Southern Miss quarterback Austin Davis looked good in limited action. He only played for one series in the second quarter, but it was a very solid showing, in which he completed 7-of-10 pass attempts and led the East offense to a touchdown.
Davis’s college offense did not have him lining up under center, but of all the quarterbacks making that transition, he looked the most comfortable. He showed great pocket presence in his footwork, and his ability to step up into the pocket and deliver accurate throws.
Davis is not a great NFL prospect, but he continued to state his case for potentially being a seventh-round draft pick.
The third East quarterback, Florida’s John Brantley, has the most upside of any of the quarterbacks in this game, but he was unimpressive. Brantley only competed one of six pass attempts, and showed no reason why NFL teams should even consider drafting him.
After a poor Shrine Game performance, there is little reason to believe that Brantley will end up with anything more than a training-camp invitee come April.
There were not many major standouts on the East offense, but there were two others who made strong impressions.
California (PA) wide receiver Thomas Mayo made three receptions, and looked like a draftable player. As both a blocker and receiver, and both a fullback and tight end, Massachusetts’s Emil Igwenagu had a solid performance, stating his case to be drafted late.
Maryland running back Davin Meggett was a disappointment. He carried the ball six times and gained only three yards. At only 5’8’’, Meggett really looked small out on the field, even though he has solid size for a running back at 220 pounds.
Meggett failed to make any statement whatsoever in the Shrine Game, and currently stands on the outside looking in with regards to being selected in the draft.
The West defense did not have the noticeable performances on the defensive line that the East defense did, but they did have two powerful defensive tackles who performed well.
USC’s DaJohn Harris showed flashes of brilliance, but that has been his entire career, a player who fails to make a consistent impact, and therefore he remains a sixth-round value.
Missouri’s Dominique Hamilton is an explosive defensive tackle who played well in this game, but is also likely a sixth-round choice.
The West defense featured two linebackers that have received more than their fair share of recognition at the national level, those two being Arkansas middle linebacker Jerry Franklin and TCU outside linebacker Tank Carder.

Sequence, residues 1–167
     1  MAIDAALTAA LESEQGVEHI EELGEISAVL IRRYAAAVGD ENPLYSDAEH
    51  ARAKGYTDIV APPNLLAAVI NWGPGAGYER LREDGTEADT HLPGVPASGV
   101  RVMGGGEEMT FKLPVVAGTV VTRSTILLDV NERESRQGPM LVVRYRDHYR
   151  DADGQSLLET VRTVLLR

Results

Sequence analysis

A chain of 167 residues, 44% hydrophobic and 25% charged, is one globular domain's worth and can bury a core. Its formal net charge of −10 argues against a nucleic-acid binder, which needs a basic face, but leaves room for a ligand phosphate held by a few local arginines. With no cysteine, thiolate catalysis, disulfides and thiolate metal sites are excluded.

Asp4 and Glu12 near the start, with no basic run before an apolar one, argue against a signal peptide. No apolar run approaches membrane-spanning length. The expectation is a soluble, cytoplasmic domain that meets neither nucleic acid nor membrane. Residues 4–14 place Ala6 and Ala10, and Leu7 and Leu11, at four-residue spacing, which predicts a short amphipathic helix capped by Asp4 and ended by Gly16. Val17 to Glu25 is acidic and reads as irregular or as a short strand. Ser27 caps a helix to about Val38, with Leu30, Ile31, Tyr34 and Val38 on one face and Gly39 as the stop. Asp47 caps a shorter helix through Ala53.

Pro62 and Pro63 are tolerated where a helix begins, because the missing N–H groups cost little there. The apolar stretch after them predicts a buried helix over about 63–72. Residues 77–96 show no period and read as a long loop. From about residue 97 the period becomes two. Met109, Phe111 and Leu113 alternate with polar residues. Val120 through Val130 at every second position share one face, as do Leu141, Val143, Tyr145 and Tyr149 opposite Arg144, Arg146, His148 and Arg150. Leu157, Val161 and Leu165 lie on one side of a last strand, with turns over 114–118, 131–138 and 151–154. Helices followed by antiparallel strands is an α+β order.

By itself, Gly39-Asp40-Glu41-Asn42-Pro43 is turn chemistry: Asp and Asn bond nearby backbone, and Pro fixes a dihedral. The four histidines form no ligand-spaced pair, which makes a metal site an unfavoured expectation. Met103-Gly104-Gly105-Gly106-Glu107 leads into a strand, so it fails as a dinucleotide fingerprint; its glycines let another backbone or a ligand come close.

Both played well in this game. Franklin did not make any big-impact plays, but was in on a number of tackles, showing the instincts and tackling ability that should make him an early Day Three selection.
Carder made some plays himself, but did nothing to either boost or hurt his stock, and also remains a Round 4 or 5 selection.
The two players in this game most likely to be Day Two picks were in the West secondary, Iowa’s Shaun Prater and Wisconsin’s Aaron Henry. Neither did anything to stand out in this game, but neither played poorly. Both hold their third-round grades on the strength of their consistent play throughout their careers.
Finally, one specialist who must be recognized for his performance in this game is California punter Bryan Anger. While Florida State’s Shawn Powell came into the game as the better of the two punters, having had the best punting average this season in college football, Anger was absolutely booming the ball in this game.
Anger was extremely consistent on his three punts, which went for 59, 60, and 61 yards. Anger was getting tremendous hang time on his punts, and he did not give the East punt returners a chance to make a play. Anger made a serious case for being drafted with his performance in the Shrine Game.
All-Star games are intended for players to gain recognition and showcase their talents, so they usually help prospects more than hurt them. Many players from this game will reap the benefits, including Julian Miller, Kyle Wilber, Shawn Loiseau and Brandon Brooks.
A few players, such as Matt Reynolds, John Brantley and Davin Meggett are losing money as a result of poor showings in the Shrine Game, but they still have opportunities at the NFL Scouting Combine and their school’s pro days to make a statement for the positive.